• United States

Judge to Microsoft: Ship Sun’s Java

Jan 20, 20034 mins

Networking news briefs from Microsoft, UnitedLinux,AT&T Broadband and others

  • After yet another tussle between rivals Sun and Microsoft , a federal judge last week gave Microsoft 120 days to start shipping Sun’s Java as part of its operating system software. The ruling is part of a private antitrust suit Sun brought against Microsoft and comes after the two argued over terms of a preliminary injunction that District Judge J. Frederick Motz issued last month. Sun complained that Microsoft was trying to undermine the judge’s ruling. Motz said he was willing to stay his 120-day ruling by two weeks in light of the fact that Microsoft likely would ask an appeals court to review it.

  • More than 2 million AT&T Broadband customers will get new e-mail addresses sometime in March. For about 200,000 of them, this is the third e-mail address change in 12 months. Comcast officially acquired AT&T Broadband in November for $30 billion and assumed $24 billion of the cable unit’s debt. Customers with e-mail addresses will be completely switched over to addresses within the next 60 days. All former AT&T Broadband customers will have to notify all parties of the e-mail switch or they will not receive their messages after Comcast takes the system offline.

  • SAP last week took the wraps off its new integration and application server middleware, called NetWeaver, which is to become the platform on which all SAP business software will run. Based on Web services and aimed at easing users’ integration headaches, NetWeaver can link disparate applications and data sources, letting companies make use of their existing IT investments and personnel skills while exploiting the power of Web services, SAP says. It’s designed with heterogeneous IT systems in mind. NetWeaver is interoperable with Microsoft .Net and IBM WebSphere platforms, SAP says. Users can provision Web services that have been developed in Java or SAP’s own development language, ABAP. NetWeaver will become the backbone for all SAP applications, the software maker says. It’s the next generation of the company’s mySAP Technology platform, which was introduced in 2001.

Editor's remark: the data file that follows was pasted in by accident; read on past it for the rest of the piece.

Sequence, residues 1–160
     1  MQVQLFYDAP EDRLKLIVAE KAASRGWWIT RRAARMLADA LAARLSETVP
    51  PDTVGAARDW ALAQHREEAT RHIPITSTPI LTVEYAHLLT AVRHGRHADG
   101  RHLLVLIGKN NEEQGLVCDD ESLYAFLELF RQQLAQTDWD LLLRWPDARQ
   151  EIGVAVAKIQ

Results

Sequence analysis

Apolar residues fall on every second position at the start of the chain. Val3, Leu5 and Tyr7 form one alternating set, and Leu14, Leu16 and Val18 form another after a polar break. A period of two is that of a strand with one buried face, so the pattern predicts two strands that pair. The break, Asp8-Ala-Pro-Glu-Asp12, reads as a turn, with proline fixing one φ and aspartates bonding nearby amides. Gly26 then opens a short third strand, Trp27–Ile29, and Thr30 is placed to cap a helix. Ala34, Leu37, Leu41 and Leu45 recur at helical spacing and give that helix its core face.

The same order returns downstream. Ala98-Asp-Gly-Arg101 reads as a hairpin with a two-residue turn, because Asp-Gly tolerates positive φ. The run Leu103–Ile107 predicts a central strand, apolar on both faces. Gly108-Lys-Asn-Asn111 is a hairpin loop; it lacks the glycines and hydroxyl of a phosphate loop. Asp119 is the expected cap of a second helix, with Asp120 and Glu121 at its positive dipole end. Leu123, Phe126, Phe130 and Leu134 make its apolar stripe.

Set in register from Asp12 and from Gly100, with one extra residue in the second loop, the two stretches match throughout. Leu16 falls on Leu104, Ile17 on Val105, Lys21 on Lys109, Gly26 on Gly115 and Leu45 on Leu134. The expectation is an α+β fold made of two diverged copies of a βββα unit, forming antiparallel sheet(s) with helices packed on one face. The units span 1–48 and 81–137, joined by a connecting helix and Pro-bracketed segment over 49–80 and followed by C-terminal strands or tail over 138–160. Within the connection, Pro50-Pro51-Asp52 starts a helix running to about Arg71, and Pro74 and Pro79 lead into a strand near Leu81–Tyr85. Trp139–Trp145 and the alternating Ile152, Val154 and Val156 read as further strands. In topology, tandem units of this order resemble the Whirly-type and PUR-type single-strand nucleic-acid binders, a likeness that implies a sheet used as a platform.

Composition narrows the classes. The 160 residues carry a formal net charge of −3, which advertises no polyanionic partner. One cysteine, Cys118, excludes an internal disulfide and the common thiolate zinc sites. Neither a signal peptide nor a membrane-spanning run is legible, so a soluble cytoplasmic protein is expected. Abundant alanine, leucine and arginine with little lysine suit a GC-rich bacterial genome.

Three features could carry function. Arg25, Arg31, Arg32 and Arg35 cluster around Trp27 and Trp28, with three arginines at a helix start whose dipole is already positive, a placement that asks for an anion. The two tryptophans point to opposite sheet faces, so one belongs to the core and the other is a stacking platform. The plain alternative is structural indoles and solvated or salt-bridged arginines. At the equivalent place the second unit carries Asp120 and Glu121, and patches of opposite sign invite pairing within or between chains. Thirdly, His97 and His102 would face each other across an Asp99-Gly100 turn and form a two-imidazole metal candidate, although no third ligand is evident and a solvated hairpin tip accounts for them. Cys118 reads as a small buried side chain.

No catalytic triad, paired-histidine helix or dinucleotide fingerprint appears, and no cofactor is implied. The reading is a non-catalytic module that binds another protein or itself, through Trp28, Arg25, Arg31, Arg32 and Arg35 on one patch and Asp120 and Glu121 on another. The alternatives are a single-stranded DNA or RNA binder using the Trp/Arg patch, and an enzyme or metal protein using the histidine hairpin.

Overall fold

• The Federal Communications Commission will not relax its rules governing the Baby Bells to a point where competition with local phone service providers is killed off, FCC Chairman Michael Powell told a group of U.S. senators last week. Powell, speaking before the U.S. Senate Commerce, Science and Transportation Committee, offered few details on what direction the FCC plans to take during its so-called triennial review of rules governing the regional Bell operating companies and their unbundled network elements under the Telecommunications Act of 1996. The FCC decides what UNEs the RBOCs must make available to competitors at wholesale prices. Powell disputed press reports that the FCC was headed toward a drastic overhaul of the rules allowing providers such as WorldCom and AT&T to access some network elements owned by the RBOCs, including Verizon and SBC. The Baby Bells will have to offer some access to competitive local exchange carriers. “I pledge that to you right now,” Powell said.

  • Linux distributor MandrakeSoft last week said it had filed for bankruptcy protection at a court in its home country of France. The company said a series of quarterly losses led to the filing but that current operations would continue, including the release of Version 9.1 of its software due in April. Financial problems at the company became public last year when an appeal appeared on its Web site asking users to contribute to a Mandrake Linux Users Club and Corporate Club. Money raised would be used to help support the company and support development of future distributions of its software, it said at the time.

  • UnitedLinux, a common Linux operating system from four vendors, will later this quarter be updated to make it suitable for carrier-grade servers. Carrier Grade Linux 1.1 features will be available as a service pack for UnitedLinux 1.0. The expanded operating system will let carriers develop and deploy new products and services at a lower cost on a standards-based and modular platform, the UnitedLinux group says. UnitedLinux with the CGL features initially will work only on Intel-based hardware platforms, according to a statement. The CGL features were defined by a working group of the Open Source Development Labs, an independent, nonprofit laboratory created in August 2000 to help Linux developers add enterprise capabilities to the open source Linux operating system. OSDL member companies include Dell, HP, IBM, Intel and SuSE Linux.